Monday, December 24, 2012

HH #391, is That a Primary Number?

Esser Agaroth is the host of Havel Havelim #391First of all, to answer my question.  391* isn't on the list I found of primary numbers.

Now for this very special Havel Havelim that Ya'aqov has compiled.  There are lots of posts from various Jewish bloggers. 

Havel Havelim is a weekly blog carnival on Jewish and Israeli topics.  Bloggers send their links in to the week's host, and the hosts can (and should) add other blog posts he/she sees on the net.  We communicate via our facebook page, volunteering to host each week.  Participating in HH is a good way to promote one's blog and get to know other blogs.  Some of my most read posts have been the ones that are Havel Havelim and the Kosher Cooking CarnivalA look at the list on "Top 10" on my sidebar will show you that.

Next week's host will be Beneath the Wings, who has requested that the links be sent via fb message,  details on our facebook page.

*I have no time today to calculate, so can anyone please show how to divide 391, please, thanks?


Leah, Maaleh Adumim said...

391 is 17 * 23. to find out if a number is prime (or to factor a number), divide by prime numbers up to the square root of the number to see if any of them go in evenly. so:

391 isn't divisible by 2. (we can see that easily because it's not even - i.e. doesn't end in 2, 4 6, 8, or 0)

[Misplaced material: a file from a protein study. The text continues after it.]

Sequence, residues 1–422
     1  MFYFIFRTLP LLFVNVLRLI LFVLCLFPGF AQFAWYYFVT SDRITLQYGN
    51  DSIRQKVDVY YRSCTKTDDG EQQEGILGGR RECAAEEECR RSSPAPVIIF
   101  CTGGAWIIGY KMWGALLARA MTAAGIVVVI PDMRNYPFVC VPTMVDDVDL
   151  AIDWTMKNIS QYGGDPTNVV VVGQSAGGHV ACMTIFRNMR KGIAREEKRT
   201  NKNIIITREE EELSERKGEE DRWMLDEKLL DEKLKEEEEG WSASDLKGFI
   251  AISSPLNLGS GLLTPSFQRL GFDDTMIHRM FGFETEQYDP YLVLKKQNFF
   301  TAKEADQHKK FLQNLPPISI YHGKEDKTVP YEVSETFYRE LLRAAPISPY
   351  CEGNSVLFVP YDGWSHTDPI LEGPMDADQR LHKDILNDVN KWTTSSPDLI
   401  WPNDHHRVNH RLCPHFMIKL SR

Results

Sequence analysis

it's not divisible by 3 (we can see that easily because the sum of its digits is not divisible by 3)

it's not divisible by 5 (we can see that it doesn't end in 5 or 0)

it's not divisible by 7, 11 or 13 (try it and see)

I am skipping all the composite numbers along the way, because obviously if it's not divisible by 2 or 3 then it won't be divisible by 4 or 6 either.

so now we are up to 17 - bingo! and we get the other factor too: 23. 17 and 23 are both prime, so no need for any further factoring. (e.g. if we would say that 24 is divisible by 6 and 4, we can break down each of those into additional prime factors and get 3, 2, 2, 2 as the factors of 24.)

Batya said...

Leah, thanks. I was thinking that there could be a "7" there, because 3x7=21. You are a great Math teacher!

Leah, Maaleh Adumim said...

thanks for your kind words. but yes, this is one type of problem that I often help my students with.

Batya said...

no surprise